Select Garmin Category
After lots of research I arrived at the conclusion that the easiest way to add a power meter to my current bike (based on crankset, bottom bracket, etc.) was via a pedal-based meter. Happy to report that the offset between these pedals and my indoor trainer was minimal, if any, which has meant a smooth transition and consistent power whether riding indoors or out. And if I change bikes in the future I am assured that these will remain compatible.
I splurged on the two-sided version to get the extra data, but I don't actually see how to access it and now I'm questioning whether it's compatible with my current head unit. Something I didn't research ahead of time. I would probably recommend to save a bit and get the one-sided version, but if you go for two-sided make sure your head unit is compatible.
I've seen other reviews that suggest that the clip-in action on these is less secure than non-power pedals, but that has not been my experience. I've actually found these to be more secure than my previous pedals, even on the loosest setting.
Overall I'm still happy with the purchase. And maybe someday I'll get a new head unit and unlock the additional data.
Well, I switched to 965 from Fenix 6/7X and I would say that I'm not feeling it on my wrist. So light, so comfortable. The screen is crisp and internals are the same with Fenix 7/7X pro big brothers. The silicon band is so cozy than it was before. My friend also changed his F6 to 965 and he do play tennis, so he also doesnt feel it on a wrist. Data recording and other body parameter are in top, no issues here. I hardly recommend to switch to this model. By the way, when you sleep and your hand under a pillow, you will not feel that bump on a pillow )))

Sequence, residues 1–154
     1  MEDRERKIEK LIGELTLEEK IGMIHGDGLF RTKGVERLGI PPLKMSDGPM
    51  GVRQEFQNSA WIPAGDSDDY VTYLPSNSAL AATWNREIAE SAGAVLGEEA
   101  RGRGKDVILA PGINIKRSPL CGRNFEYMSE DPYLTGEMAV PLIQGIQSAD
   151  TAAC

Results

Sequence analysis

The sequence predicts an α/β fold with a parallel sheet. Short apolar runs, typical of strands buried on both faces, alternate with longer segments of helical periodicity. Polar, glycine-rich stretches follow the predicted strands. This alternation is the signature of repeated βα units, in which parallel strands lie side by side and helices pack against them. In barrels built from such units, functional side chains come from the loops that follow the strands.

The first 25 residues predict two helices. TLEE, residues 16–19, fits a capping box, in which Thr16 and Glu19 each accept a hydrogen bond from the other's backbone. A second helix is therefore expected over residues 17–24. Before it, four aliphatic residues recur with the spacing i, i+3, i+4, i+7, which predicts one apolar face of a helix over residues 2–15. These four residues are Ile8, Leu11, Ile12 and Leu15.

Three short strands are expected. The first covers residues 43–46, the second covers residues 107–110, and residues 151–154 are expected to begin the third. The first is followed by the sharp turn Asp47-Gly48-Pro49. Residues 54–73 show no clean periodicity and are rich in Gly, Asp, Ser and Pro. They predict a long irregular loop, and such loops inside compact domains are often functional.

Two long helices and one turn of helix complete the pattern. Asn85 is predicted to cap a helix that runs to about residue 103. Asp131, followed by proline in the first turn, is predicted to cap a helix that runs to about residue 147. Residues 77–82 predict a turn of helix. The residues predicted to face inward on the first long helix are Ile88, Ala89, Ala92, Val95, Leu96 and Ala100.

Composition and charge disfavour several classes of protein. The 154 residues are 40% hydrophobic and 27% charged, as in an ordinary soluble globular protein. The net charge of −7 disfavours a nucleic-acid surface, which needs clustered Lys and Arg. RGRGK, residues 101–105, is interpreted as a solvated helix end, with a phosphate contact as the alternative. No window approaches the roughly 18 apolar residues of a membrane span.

Bought the Edge 1030 for a new road bike. It's big, a LOT bigger than the Edge 130 I have on another road bike.
PROS: Big display, easy to read (when the sun hits it or if its dark and the backlight turns on), LOTS of data, and long battery life. And a laundry list of features, more than I'm likely to use more than a few times a year if/when I explore new routes.
CONS: It's big. I mean HUGE! It makes the older Edge 130 on my other bike look tiny. So, be sure you want this big of a computer hanging off the front of your bike.
SET UP: Standard Garmin set up. Takes a bit of time to get the data screens to show exactly what you want (if you're really picky and choose not to use their default data fields).
I had always used Garmin, but 16 months ago I went with the new Hammerhead Karoo 2. Well that unit simply died. Hammerhead customer service sucks. So I did some research and decided on the new Garmin 840 that easily integrated with the new Shimano Di2 with no additional widgets. I hate the whole set-up process with new computers, but I dinged on a couple youtube videos and this thing was a breeze. It ain't cheap but it is an awesome computer.